What causes my cat to puke after eating?
Believe it or not, this is a typical issue for many cat owners. You are not alone yourself.
You’re familiar with the situation. Everyone has been there:
Your cat is constantly meowing. It won’t leave you alone and continues to grind against your legs. It darts toward its empty food dish whenever you walk in its immediate area, as if to imply that it wants food.
When you eventually fill up its feeding dish, it rushes up to it and begins consuming the food like there’s no tomorrow.
You hear that all-too-familiar sound of your cat belching only minutes after it has satisfied its appetite.
Uh oh! Your cat is about to throw up!
It’s too late for you to change anything.
However, as soon as your cat has accomplished its duty, it flees the crime scene. It had retired to its safe haven inside the home within seconds.
It’s almost as though your cat is embarrassed about what it has done.
Could My Cat Be Vomiting Due To Hairballs?
If your cat vomits after every meal, it might be an indication that a hairball has become caught in its oesophagus or stomach.
- What is a hairball, you ask?
A hairball is just a large bundle of fur that has been firmly twisted and knotted together. Consider a ball of yarn. That’s pretty much how it appears and how it’s put together.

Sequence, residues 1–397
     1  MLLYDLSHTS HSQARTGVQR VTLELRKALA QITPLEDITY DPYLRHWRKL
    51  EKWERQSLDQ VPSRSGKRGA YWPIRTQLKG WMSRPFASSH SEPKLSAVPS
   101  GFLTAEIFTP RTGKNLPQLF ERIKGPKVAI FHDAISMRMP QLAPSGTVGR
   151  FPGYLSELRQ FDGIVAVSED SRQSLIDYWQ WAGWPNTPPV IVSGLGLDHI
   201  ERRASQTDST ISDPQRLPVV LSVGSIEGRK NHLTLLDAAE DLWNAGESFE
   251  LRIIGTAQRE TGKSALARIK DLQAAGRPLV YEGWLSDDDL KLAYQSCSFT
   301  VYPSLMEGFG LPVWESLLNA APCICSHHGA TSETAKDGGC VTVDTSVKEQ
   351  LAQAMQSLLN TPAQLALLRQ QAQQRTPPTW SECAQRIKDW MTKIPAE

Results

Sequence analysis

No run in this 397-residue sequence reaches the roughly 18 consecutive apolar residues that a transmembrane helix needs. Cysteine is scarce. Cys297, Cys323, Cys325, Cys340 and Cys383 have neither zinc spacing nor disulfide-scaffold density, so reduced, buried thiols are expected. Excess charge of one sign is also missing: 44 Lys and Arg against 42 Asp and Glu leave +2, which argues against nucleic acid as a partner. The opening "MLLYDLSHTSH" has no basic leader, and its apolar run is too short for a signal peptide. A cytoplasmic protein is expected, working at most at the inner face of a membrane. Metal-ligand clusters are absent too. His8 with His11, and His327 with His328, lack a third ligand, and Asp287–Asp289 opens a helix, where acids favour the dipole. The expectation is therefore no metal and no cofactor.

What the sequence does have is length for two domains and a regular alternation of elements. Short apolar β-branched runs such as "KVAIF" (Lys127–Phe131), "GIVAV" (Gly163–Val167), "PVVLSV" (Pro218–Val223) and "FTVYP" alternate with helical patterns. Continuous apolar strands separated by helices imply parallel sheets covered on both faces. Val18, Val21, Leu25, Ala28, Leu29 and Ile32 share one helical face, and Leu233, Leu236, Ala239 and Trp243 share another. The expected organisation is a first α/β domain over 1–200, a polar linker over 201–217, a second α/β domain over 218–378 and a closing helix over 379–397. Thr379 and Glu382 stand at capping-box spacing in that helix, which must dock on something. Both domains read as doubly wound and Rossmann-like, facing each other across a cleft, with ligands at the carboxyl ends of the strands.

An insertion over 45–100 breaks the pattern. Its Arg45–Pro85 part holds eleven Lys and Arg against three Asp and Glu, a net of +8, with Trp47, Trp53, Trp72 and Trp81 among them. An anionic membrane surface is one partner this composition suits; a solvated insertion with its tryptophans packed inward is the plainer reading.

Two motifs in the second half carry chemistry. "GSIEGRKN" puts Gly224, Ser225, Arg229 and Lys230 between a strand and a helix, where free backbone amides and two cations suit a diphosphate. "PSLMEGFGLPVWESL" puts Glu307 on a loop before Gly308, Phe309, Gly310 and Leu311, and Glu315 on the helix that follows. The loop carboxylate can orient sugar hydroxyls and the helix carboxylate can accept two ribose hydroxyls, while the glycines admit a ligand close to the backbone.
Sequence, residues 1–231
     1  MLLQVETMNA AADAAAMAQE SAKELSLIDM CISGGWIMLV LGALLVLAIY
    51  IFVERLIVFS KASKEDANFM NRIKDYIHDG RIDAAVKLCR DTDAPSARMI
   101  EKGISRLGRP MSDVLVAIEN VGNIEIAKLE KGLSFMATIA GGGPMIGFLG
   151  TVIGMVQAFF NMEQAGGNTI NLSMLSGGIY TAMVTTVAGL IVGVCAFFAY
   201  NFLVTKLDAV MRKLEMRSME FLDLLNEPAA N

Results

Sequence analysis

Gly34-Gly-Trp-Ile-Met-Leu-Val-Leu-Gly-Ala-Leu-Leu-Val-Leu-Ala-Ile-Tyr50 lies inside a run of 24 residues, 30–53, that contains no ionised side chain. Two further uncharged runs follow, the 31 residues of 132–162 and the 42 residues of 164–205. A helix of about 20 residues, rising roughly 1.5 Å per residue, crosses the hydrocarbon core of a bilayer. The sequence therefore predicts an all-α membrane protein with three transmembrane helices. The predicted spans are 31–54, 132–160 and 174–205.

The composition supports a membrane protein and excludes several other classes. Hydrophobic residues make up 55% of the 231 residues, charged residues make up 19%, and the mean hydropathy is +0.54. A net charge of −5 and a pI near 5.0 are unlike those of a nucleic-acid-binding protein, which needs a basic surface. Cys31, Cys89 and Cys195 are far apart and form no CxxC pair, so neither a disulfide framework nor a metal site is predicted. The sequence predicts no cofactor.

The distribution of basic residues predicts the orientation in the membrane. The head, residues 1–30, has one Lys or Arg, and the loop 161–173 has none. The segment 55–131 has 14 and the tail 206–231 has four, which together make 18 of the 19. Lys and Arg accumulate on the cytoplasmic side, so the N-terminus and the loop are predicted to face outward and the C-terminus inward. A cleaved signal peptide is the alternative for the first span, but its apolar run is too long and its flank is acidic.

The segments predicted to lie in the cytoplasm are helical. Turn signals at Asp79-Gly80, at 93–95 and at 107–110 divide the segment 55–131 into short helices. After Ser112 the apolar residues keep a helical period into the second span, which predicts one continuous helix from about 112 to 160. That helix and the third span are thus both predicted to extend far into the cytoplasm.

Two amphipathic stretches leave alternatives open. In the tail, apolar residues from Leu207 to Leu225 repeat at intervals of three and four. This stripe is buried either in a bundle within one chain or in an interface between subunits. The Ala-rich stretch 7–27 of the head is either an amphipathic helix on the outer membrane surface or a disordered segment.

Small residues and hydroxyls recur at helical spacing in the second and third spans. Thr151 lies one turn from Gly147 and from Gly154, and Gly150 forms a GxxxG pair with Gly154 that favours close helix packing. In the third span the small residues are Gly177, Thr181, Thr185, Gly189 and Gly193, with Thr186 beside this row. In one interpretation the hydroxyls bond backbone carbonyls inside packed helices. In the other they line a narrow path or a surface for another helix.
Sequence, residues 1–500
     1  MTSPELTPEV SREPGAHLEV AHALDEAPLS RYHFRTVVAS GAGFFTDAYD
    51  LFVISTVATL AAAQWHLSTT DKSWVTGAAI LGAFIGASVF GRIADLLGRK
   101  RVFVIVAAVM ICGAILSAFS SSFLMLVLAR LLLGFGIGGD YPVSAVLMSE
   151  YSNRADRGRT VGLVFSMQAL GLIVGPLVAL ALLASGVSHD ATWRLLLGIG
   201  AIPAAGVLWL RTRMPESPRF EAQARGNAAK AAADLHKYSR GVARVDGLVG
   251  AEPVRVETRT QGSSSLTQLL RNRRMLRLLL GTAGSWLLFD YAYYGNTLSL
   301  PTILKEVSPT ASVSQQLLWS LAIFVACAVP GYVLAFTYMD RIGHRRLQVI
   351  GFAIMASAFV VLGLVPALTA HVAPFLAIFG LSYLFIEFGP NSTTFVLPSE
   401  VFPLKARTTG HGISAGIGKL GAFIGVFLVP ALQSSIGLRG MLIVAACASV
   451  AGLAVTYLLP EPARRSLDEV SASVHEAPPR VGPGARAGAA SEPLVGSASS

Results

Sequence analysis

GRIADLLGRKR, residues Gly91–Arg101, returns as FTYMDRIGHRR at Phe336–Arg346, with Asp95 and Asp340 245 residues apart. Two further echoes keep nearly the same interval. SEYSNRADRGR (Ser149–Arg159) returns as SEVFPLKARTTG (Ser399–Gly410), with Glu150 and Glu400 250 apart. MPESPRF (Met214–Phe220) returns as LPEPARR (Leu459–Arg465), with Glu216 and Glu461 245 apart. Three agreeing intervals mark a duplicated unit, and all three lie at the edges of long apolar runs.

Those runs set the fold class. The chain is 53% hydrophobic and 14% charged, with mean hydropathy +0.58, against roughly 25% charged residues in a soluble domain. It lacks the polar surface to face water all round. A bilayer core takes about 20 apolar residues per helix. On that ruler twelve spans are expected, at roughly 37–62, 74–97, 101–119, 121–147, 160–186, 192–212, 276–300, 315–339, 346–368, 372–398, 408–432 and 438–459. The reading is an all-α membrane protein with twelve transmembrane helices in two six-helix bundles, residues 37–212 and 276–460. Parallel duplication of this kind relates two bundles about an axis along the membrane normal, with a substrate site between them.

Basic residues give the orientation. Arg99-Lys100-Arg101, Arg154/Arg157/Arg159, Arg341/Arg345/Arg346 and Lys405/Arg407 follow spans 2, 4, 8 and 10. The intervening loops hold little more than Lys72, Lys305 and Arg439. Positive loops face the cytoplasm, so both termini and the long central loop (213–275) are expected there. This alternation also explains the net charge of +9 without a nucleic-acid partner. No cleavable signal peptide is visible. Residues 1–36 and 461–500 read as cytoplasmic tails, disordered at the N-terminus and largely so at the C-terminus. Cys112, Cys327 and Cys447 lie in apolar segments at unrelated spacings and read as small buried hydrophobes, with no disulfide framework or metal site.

Some cats have a tendency to vomit hairballs after eating.
That’s an excellent question. The solution comes in learning a little bit about feline instinctual behaviour.
If you’ve ever spent any time with a cat, you’ll know that grooming is something they do intuitively and persistently. Cats seem to be fascinated with grooming themselves. It seems to be all they do. Your cat might be chasing a mouse and then halt in the middle of the hunt to groom themselves.
Cats, on the other hand, are quite careful about keeping themselves clean and well groomed.
Unfortunately, this innate activity has a negative side effect: they vomit.
Allow me to explain.
Every time your cat licks itself, there’s a chance it’ll lick up part of its loose hair. It might just be one or two strands of fur. Because of their sticky nature, they get attached to the cat’s tongue and are eaten. Now compound this by hundreds of tongue strokes, and it may unintentionally consume a lot more fur follicles, all of which are collecting in its stomach.